While you can just use the Ecovacs Deebot U2 with its push-button interface, it's a lot more convenient and flexible to use the app to get it to do more of what you want. The Ecovacs Deebot U2 also includes compatibility with both the Google Assistant and Amazon Alexa voice assistants. There's definitely something cool about simply talking to thin air about how the vacuum should go on, only to see it trundle into operation seconds later.
- Range of cleaning modes works acceptably well
- Small dustbin needs frequent cleaning
- Navigation is a best-guess enterprise
- Getting random items unstuck from the wheels is a nightmare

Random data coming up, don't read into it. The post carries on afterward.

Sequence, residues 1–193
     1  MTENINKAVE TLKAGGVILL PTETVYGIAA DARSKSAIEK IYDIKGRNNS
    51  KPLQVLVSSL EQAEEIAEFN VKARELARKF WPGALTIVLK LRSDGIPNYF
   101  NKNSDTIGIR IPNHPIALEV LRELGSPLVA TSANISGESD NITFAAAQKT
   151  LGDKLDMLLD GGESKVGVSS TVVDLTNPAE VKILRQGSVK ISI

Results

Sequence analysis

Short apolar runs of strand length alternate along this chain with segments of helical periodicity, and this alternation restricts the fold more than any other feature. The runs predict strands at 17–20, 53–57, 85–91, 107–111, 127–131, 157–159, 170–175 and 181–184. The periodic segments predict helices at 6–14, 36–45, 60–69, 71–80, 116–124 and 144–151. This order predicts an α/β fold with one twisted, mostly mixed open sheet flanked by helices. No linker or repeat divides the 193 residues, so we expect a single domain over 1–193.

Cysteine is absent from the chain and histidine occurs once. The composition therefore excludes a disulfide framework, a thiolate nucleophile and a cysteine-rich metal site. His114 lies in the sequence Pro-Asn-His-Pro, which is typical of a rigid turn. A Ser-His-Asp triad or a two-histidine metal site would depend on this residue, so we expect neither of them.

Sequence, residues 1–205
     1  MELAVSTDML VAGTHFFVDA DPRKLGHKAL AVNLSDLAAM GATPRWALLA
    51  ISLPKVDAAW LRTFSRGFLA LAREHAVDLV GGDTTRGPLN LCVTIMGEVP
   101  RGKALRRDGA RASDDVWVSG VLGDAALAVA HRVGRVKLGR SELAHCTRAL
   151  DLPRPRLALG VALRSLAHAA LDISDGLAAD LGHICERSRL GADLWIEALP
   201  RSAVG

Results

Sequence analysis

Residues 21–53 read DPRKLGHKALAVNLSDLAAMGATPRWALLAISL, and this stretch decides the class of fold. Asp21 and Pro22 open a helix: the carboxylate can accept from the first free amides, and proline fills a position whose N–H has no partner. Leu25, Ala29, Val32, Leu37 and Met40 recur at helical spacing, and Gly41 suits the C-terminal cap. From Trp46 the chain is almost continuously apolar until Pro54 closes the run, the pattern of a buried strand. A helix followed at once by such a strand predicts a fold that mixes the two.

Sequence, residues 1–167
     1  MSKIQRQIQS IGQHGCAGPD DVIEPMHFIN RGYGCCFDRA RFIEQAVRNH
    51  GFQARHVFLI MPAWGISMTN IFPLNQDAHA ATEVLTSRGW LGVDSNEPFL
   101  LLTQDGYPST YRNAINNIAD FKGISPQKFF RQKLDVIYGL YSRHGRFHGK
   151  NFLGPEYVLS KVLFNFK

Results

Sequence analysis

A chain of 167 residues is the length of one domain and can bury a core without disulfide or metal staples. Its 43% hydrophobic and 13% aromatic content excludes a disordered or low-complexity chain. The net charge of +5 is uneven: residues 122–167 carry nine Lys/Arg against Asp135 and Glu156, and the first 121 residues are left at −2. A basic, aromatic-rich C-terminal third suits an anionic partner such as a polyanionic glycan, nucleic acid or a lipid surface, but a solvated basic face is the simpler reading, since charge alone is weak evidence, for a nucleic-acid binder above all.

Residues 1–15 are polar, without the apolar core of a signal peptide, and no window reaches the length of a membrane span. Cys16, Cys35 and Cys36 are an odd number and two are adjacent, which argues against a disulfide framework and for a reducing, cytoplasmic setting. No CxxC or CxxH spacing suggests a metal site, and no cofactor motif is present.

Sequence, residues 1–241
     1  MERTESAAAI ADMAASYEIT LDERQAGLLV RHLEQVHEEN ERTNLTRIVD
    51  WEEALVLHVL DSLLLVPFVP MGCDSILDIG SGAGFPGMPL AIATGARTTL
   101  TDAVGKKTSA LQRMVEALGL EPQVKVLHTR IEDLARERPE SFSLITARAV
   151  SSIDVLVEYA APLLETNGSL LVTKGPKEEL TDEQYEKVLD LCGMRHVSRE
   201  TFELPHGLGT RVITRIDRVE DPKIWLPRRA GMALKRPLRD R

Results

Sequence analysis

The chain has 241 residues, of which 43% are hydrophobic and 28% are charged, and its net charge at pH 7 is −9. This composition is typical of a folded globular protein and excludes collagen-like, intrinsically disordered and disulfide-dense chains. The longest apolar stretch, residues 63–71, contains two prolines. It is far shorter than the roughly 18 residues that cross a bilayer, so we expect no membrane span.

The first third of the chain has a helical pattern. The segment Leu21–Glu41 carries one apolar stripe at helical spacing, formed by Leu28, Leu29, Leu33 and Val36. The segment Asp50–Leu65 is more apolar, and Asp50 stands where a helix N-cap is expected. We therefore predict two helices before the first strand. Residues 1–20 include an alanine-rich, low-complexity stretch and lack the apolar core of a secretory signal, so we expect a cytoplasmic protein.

Cutting the price on a robot vacuum cleaner was always going to involve a level of compromise, and I was keen to see where that compromise might lie, especially having recently reviewed the Ecovacs Deebot U2 Pro model.
The big difference between the two is the lack of that larger 800ml capacity dustbin on the Pro, because the U2 Pro is meant to be more "pet friendly" where the Ecovacs Deebot U2 is more about "budget" considerations. As such, you get a 400ml dustbin with a 300ml mopping capacity, and that's your lot.
That similarity also means that it uses the same bump-and-see kind of navigation to get around any given cleaning area. I put it to the test with my Sydney suburban home, and it managed about as well as the U2 Pro did when it came to navigating around and under obstacles in its way.